"We should all go then." Nelson pointed out. "There no reason for another one of us to up and disappear."
"One of us should stay here though, to make sure nothing happens to the laboratory." Karpan pointed out.
"I'll stay." Jason volunteered. "I wouldn't be much help to you out there anyway."
"Okay." Karpan nodded, and packing up some stuff he made ready to leave. Olympia waved good bye to him, and Jason smiled, waved back as he watched the three climb into Nelson's truck, minus a windshield of course, and drive off into the desert. Jason found the situation eerily familiar, as he had stayed behind while his fellow youth group went out to search for Brandemas and Greg just over three years ago. That night was the first time he'd turned into a dog, and the thought gave him the urge to turn into a dog now.
He thought about it for a minute, reminding himself that he really shouldn't, not when he was in the laboratory. Then again, they would be gone for several hours at the least, and he would have nothing to do. It was much easier to let the hours roll pass as a dog than it was a human, and he could just keep an ear perked up for when they drove back, he'd hear the truck from quite a distance, and it would give him time to change back, so that no one would be the wiser. The more he thought about it, the more he liked the idea.
Folding his clothes up, he laid them on his bed, and sat there. He thought of himself as a dog, and he found the change coming quite easily, and quite quickly too. In moments, he was sitting on the floor, a Husky once more. It was strange the way it felt shifting though, for before he had felt as if he were simply gliding along a steady path, now it felt as if his humanity had been precariously perched atop a cliff, and all it took was a little conscious effort, and he reached the bottom.
He would have felt a bit of trepidation at the analogy, but just then the most malignant and maleficent odour struck his sensitive nose, and he raced immediately to the door to escape it's foul clutches. He pawed at the door handle, and it opened to his weight, and he fell forward onto the desert floor. The air was much nicer out here, the dry scent of the desert, and the various aromas of the three scientists that had just left in a hurry. Then he heard the door swing shut, which was a sudden cause of alarm for Jason. He turned around, and tried the knob, but simply couldn't turn it. He could get his mouth around it, but he simply was unable to make it budge.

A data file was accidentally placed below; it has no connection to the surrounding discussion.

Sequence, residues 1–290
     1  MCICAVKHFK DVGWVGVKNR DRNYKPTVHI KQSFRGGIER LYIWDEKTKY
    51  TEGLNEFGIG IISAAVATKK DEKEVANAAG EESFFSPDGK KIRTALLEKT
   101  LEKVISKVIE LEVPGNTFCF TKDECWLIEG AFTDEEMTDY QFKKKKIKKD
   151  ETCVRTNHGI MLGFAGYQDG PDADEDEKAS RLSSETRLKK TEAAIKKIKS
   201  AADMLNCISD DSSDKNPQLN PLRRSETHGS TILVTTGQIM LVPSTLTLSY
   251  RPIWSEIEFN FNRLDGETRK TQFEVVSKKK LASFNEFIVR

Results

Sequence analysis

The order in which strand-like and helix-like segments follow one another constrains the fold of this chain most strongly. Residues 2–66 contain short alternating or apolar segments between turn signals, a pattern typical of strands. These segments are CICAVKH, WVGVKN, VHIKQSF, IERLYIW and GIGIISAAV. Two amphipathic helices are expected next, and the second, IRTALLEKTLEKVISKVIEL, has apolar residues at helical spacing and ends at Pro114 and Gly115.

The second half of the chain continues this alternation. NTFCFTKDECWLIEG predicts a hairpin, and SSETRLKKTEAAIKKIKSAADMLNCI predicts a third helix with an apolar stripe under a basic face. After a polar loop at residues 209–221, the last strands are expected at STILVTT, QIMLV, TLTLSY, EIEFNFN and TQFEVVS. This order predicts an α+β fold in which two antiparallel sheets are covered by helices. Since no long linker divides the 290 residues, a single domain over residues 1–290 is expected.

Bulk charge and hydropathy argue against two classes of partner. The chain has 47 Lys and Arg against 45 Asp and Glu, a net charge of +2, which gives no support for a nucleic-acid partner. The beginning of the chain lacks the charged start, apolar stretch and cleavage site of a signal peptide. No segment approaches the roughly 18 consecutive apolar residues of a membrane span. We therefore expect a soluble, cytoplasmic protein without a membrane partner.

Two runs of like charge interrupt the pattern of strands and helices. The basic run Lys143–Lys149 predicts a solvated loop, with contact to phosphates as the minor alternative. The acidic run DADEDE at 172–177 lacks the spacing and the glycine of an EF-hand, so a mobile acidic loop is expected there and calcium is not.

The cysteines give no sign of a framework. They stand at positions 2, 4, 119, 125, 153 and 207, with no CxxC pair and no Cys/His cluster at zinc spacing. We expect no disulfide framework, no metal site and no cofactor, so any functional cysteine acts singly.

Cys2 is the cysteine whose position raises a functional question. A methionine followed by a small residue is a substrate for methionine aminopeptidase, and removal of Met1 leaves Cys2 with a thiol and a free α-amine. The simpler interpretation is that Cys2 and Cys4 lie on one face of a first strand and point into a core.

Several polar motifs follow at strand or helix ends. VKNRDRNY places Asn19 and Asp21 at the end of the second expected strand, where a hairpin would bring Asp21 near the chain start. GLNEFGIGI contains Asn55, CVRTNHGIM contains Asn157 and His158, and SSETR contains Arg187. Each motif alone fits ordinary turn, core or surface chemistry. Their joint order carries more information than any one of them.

Finally he found a position which afforded him a tight grip. He slowly twisted the knob, when it suddenly and quite abruptly came to a stop. He thought this was strange, since he had hardly turned the knob at all, but shrugging it off, he pulled on the door. It didn't move. He began to get quite nervous, and tugged again, but to no avail. The door must be locked from the inside, he thought. Wonderful.
Jason trotted underneath the laboratory, and lay down in the cool shade. He could smell Obermeyer's scent down here, but that didn't make sense, as far as he knew he was the first to have been under here. Perhaps that's how he escaped, Jason thought, perhaps he hid under here, and then waited for them all to go to sleep. Possible, but he put those thoughts from his mind.
What he did think about was the reaction he was inevitably going to get from the three scientists. He had no choice now but to reveal his nature, and the nature of Barken to the three scientists. Like it would be any more of a shock than the cadaver that Nelson had found, and whose vile stench had made him run from the room as a dog, but he had hardly noticed as a human. Putting his head in his paws, he waited.
He didn't have to wait too long, for his ears perked up at the sound of a car, not a truck, he could tell that, approaching in the distance. He peered out from behind the tire he laid behind, and could see a dark car speeding towards them. It arrived quicker than Jason expected, and he pulled himself back behind the tire, and out of their view. He heard the car doors open, and two voices talking. He recognized the scents of one as Obermeyer - where had he been? - but the other was unfamiliar.
"Well here's the laboratory. I told you, nobody here." Obermeyer said.
"Let's go in." the other voice intoned, obviously dominant over Obermeyer.
Jason heard the door open, and the two figures step inside. Jason craned around to see if he could sneak in before the door closed, but it shut in his face. Jason slinked back under the laboratory, when another thought occurred to him. Obermeyer had to unlock the door for him to get in, and he probably had left it unlocked. Well, he could just stride in there then, all he had to do was become human again. He'd be naked but, it would be embarrassing, but hey, they were scientists.